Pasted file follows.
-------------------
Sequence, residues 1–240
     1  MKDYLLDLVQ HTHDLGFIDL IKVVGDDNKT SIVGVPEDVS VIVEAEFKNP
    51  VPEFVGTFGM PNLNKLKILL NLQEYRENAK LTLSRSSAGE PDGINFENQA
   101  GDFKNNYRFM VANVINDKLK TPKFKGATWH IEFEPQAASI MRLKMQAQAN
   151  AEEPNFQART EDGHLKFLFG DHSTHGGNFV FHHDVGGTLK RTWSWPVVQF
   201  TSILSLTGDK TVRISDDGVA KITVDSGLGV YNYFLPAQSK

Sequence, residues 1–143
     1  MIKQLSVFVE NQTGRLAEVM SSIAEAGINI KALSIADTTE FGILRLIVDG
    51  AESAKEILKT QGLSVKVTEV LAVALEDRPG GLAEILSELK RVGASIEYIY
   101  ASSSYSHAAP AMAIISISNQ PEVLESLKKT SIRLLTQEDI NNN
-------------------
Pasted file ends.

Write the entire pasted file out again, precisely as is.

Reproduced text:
Sequence, residues 1–240
     1  MKDYLLDLVQ HTHDLGFIDL IKVVGDDNKT SIVGVPEDVS VIVEAEFKNP
    51  VPEFVGTFGM PNLNKLKILL NLQEYRENAK LTLSRSSAGE PDGINFENQA
   101  GDFKNNYRFM VANVINDKLK TPKFKGATWH IEFEPQAASI MRLKMQAQAN
   151  AEEPNFQART EDGHLKFLFG DHSTHGGNFV FHHDVGGTLK RTWSWPVVQF
   201  TSILSLTGDK TVRISDDGVA KITVDSGLGV YNYFLPAQSK

Sequence, residues 1–143
     1  MIKQLSVFVE NQTGRLAEVM SSIAEAGINI KALSIADTTE FGILRLIVDG
    51  AESAKEILKT QGLSVKVTEV LAVALEDRPG GLAEILSELK RVGASIEYIY
   101  ASSSYSHAAP AMAIISISNQ PEVLESLKKT SIRLLTQEDI NNN